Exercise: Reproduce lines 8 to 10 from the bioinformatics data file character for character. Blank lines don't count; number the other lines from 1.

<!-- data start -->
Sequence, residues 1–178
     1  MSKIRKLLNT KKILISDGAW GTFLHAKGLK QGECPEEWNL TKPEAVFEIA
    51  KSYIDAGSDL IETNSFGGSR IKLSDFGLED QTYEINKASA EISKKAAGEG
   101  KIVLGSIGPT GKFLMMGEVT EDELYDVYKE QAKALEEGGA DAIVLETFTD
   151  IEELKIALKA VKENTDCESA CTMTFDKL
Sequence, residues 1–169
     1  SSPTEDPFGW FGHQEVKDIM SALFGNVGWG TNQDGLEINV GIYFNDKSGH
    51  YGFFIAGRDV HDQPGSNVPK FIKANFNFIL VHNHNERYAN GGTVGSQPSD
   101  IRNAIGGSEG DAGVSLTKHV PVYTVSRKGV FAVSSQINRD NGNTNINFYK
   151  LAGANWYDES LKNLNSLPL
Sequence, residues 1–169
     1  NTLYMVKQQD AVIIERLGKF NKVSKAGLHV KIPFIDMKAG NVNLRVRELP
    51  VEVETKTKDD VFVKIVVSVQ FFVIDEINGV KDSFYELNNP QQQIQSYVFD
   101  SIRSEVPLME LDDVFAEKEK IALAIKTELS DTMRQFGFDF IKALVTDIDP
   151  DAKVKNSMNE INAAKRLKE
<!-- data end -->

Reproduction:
    51  YGFFIAGRDV HDQPGSNVPK FIKANFNFIL VHNHNERYAN GGTVGSQPSD
   101  IRNAIGGSEG DAGVSLTKHV PVYTVSRKGV FAVSSQINRD NGNTNINFYK
   151  LAGANWYDES LKNLNSLPL